It sounds simple enough! We’ve only been traveling for about three days, but when you only carry a backpack for a six week trip, it doesn’t take long before the idea of fresh clean clothes is quite attractive for several reasons! Especially when the outfit you are wearing is the same one you put on and have worn for the past two days since you left home! (OK, Mitch, I get the hint! Stop holding your nose!)
I find myself with a washer readily available at our housesit, so let’s get this done! Instructions left by the homeowners – three small scoops of detergent and one small scoop of “anti-cal” to combat the hard water. Got it! I gather up an armload of dirties and head out the kitchen door to go down to the gym/laundry room to get this chore going.
About halfway down the steep staircase of 18 narrow steps, I feel my feet go out from under me as my middle back hits the hard concrete…tripped up on some dangling dirties! Coupled with some prolonged moaning and bellowing, I do a quick mental inventory of my conditon. OK. Just some scrapes – no breaks! Onward to laundry!
What??? I need a home ec class for this! Youtube and Google Translate to the rescue! Some of the settings are pretty obvious, others not so much.
Algodon – cotton.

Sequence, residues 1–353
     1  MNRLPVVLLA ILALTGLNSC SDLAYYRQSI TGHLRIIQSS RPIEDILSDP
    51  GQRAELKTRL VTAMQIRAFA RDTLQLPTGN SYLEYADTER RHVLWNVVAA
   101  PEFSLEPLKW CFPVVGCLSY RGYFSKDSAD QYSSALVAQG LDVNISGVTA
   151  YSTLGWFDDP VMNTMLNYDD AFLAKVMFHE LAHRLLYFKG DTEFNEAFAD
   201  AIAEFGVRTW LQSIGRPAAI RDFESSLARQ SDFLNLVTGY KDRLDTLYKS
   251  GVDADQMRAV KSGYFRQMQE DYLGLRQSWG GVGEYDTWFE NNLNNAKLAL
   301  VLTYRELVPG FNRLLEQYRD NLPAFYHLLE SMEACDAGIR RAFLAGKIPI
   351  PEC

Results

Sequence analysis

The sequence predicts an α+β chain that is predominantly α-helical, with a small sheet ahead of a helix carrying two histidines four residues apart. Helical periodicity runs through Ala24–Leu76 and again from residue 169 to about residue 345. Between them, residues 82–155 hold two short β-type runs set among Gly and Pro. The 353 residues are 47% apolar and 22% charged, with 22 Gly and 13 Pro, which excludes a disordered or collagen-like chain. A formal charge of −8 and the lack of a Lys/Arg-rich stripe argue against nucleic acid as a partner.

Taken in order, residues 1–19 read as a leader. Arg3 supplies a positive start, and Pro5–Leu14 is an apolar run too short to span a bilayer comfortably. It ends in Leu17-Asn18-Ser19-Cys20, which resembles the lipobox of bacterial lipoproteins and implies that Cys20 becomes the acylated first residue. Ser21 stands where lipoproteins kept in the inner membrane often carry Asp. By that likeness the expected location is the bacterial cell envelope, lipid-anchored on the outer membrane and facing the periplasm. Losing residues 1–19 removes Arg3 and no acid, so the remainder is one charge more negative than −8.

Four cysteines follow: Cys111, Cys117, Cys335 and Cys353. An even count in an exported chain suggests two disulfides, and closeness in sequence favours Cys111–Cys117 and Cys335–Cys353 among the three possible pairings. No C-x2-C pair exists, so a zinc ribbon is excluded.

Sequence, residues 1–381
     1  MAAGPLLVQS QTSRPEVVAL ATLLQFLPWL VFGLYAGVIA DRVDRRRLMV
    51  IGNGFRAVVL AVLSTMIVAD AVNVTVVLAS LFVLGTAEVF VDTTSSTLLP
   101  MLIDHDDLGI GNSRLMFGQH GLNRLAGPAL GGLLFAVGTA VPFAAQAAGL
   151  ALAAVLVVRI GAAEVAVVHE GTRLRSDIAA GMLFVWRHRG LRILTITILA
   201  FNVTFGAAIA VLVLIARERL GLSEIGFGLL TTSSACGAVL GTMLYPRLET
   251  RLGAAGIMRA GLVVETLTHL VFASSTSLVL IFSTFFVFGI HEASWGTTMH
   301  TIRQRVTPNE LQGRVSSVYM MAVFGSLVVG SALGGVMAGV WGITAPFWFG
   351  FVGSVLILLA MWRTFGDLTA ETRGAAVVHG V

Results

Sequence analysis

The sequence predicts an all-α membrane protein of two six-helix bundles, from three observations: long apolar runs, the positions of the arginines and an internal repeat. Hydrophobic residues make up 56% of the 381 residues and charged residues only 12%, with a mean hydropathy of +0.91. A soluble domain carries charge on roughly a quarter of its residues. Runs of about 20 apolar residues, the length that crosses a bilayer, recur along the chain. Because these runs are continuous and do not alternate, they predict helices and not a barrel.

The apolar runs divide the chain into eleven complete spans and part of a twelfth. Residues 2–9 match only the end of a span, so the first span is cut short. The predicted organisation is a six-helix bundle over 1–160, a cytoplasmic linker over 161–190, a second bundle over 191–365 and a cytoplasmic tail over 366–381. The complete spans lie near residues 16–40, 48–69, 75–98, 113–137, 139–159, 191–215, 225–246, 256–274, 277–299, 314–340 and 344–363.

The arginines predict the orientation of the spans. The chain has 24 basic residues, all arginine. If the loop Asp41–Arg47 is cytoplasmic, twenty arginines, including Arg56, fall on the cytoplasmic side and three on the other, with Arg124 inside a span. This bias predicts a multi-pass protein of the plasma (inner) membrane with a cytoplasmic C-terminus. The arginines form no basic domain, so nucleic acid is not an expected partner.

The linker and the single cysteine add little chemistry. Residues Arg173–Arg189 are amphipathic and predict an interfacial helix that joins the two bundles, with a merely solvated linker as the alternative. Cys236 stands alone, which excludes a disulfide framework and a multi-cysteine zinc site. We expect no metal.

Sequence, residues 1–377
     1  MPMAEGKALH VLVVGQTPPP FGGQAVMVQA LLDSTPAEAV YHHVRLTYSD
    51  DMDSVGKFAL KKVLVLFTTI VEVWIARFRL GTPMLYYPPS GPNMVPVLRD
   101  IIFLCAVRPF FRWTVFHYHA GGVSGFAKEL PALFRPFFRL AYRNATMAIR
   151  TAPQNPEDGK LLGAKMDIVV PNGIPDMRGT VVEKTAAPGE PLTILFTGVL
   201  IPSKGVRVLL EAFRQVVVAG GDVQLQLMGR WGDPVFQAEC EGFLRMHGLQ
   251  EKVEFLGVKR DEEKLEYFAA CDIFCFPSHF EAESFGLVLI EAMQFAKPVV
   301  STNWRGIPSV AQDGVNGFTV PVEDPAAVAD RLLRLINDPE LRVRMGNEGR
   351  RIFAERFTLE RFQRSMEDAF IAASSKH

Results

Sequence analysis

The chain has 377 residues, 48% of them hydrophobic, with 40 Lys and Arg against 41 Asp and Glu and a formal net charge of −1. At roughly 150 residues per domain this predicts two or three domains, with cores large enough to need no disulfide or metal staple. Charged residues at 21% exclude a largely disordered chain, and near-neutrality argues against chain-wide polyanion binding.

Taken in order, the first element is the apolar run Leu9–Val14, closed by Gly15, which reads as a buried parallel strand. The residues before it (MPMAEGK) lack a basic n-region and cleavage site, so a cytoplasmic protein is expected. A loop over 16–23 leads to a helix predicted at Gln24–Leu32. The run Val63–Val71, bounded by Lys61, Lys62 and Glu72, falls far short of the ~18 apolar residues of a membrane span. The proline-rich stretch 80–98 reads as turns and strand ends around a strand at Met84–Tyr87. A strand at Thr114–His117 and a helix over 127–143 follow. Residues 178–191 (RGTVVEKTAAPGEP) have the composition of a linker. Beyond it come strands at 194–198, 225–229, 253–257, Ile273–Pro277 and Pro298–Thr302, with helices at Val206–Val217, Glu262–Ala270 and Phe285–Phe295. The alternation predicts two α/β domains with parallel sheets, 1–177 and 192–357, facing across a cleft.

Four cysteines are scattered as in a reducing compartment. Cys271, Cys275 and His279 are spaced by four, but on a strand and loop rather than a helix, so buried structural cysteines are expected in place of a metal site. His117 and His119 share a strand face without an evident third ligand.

Algodao – cotton in Portuguese!! What – it’s in two languages??
Sineteticos – synthetics.
Delicado/Seda – delicate/silk.
Lana/La – wool (never did figure what La is or how to get that little ~ above the a on my keyboard.)
Antialergias – Hypoallergenic (I’m guessing).
Sport – duh.
Plumas/Penas – feathers (What? No, more Portuguese).
Camisas/Blusas – shirts/blouses.
Ropa oscura/Ropa escura – dark clothes.
Rapido – quick!
Ignoring most of the other buttons, I choose Algondon. (By the way, “Prelav” is like a pre-wash or extended wash, I think.) Then I see the numbers illuminate!! Are you kidding, 2 hours and 45 minutes to do a load of laundry? Guess I will skip my hiking plans for today!
Turns out that these front-loading European washing machines don’t have agitators, so they are gentler on your clothes. But the wash cycle takes forever. And the water temperatures?? US average for a load in hot water is 120°F. Well, here it is 60°C which is 140°F and if you want to get those babies really clean you can up to 90°C (194°F)!!! Dang! Now that’s some clean clothes! I feel dirty again! I never did figure out the other controls – but I realize the little clock symbol is a timer. I guess it would be convenient to load them the night before and have it start while you are still sleeping. Especially if it is going to take almost 3 hours to get the load done! We learned later from the homeowners that many of the locals do their wash at night since electricity rates are lower during off peak times.
So, the washing is done. How about the drying? It is a very common practice here to hang your clothes out to dry. Fortunately, I do that at home too. Saves on the electric bill, makes your clothes smell fresher and bleaches those whites in the sun! But, it has been since I was a child that I saw an umbrella or rotating clothesline! It is a battle of woman and the wind! Those sheets were wrapping themselves around me like a mummy!
Gotta say, once you figure it out and make some adjustments to your schedule, I like it this way! And my clothes have never seemed so clean! Now watch out – I am going hiking!